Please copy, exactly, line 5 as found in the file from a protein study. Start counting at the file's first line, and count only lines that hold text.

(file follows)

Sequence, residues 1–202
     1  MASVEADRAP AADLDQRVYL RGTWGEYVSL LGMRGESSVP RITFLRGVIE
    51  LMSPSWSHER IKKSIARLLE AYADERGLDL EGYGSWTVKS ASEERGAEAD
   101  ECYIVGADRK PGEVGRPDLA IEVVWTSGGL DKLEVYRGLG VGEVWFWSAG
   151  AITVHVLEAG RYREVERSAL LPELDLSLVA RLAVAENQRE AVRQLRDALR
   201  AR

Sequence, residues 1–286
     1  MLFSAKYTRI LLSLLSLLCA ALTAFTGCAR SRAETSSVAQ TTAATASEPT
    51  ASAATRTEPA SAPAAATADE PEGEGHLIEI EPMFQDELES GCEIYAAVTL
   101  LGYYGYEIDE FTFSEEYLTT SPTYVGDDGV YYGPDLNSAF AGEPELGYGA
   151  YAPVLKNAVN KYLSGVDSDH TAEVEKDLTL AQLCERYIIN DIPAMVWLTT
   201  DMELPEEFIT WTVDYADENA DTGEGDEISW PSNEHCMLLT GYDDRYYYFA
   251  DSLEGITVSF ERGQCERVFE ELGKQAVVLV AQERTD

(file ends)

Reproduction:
   151  AITVHVLEAG RYREVERSAL LPELDLSLVA RLAVAENQRE AVRQLRDALR